Could Gum Disease Cause Heart Disease?
Some Experts Think So

The Growing Connection Between Gum Disease and Heart Disease

Growing evidence continues to suggest a link between gum disease and heart disease (as well as other diseases such as diabetes and colon cancer).

Periodontitis is an inflammatory disease of bacterial origin. Recently, the Colgate Oral and Dental Heath Resource Centre, along with Columbia University, phrased periodontitis and gum disease(s) as “infections of the structures around teeth.” These structures most often include the gums themselves.

Continued research and hypotheses continue to show a link between gum disease and heart disease.

In a recent article on NursingPractice.com, Dr. Louise Tulloh and Professor Robert Tulloh, expound on the correlation between the two diseases:

“Atherosclerosis and heart disease – gum disease may increase the risk of clogged arteries and heart disease. Data from both human and animal studies has suggested that periodontitis is also associated with the progression of atherosclerosis. It is also believed to worsen existing heart disease.”

They continue…

“Several hypotheses linking periodontal disease and the complications of atherosclerosis (coronary heart disease, peripheral arterial disease, myocardial infarction, angina, acute coronary syndrome and non haemorrhagic stroke) have been proposed.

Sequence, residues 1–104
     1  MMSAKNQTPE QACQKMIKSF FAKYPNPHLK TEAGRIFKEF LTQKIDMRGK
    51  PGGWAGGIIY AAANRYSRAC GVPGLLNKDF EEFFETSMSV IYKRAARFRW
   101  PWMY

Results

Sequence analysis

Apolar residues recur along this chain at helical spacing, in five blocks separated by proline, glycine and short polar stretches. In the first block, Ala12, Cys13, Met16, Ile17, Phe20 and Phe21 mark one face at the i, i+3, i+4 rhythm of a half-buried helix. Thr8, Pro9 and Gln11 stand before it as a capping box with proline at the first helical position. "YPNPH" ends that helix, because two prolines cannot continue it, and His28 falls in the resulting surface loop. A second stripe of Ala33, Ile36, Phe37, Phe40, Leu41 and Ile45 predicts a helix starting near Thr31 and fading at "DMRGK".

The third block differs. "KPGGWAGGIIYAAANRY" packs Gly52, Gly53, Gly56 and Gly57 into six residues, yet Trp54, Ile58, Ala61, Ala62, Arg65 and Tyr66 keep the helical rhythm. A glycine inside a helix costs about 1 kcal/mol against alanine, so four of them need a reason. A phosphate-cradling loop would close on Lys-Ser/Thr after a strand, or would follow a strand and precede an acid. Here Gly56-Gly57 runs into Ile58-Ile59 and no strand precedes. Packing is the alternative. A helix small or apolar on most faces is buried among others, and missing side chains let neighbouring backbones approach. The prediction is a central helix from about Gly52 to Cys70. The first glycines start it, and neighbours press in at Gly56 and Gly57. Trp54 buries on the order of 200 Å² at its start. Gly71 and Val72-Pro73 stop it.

1.It may reflect confounding by common risk factors (such as,  smoking, obesityand diabetes) that cause both periodontal disease and atherosclerosis.

2.The link may reflect an individual predisposition to develop an energetic inflammatory response to intrinsic (age, sex, genetics) or extrinsic stimuli (diet, smoking) that then predisposes a patient to both periodontal disease and atherosclerosis.

3.The presence of an inflammatory focus in the mouth may potentiate the atherosclerotic process by stimulating various inflammatory pathways. The degree of inflammation resulting from periodontal disease is enough to elevate the C-reactive protein (CRP) signifying that a systemic inflammatory response has been mounted.

4.The presence of periodontal disease may lead to intermittent episodes of bacteremia with inoculation of atherosclerotic plaques by oral pathogens such as, porphyromonas gingivalis. When these bacterias proliferate, inflammation and plaque instability ensues.”

Data and research such as this are powerful tools in combating the continual, life-altering effects of periodontal disease.

At Beacon Woods Family Dentistry, our focus is on providing a range of dental treatments to our patients in the Hudson, FL area.

For more information on our treatments, click here or give us a call at (727) 862-7664.

We’d love to help you keep your smile!

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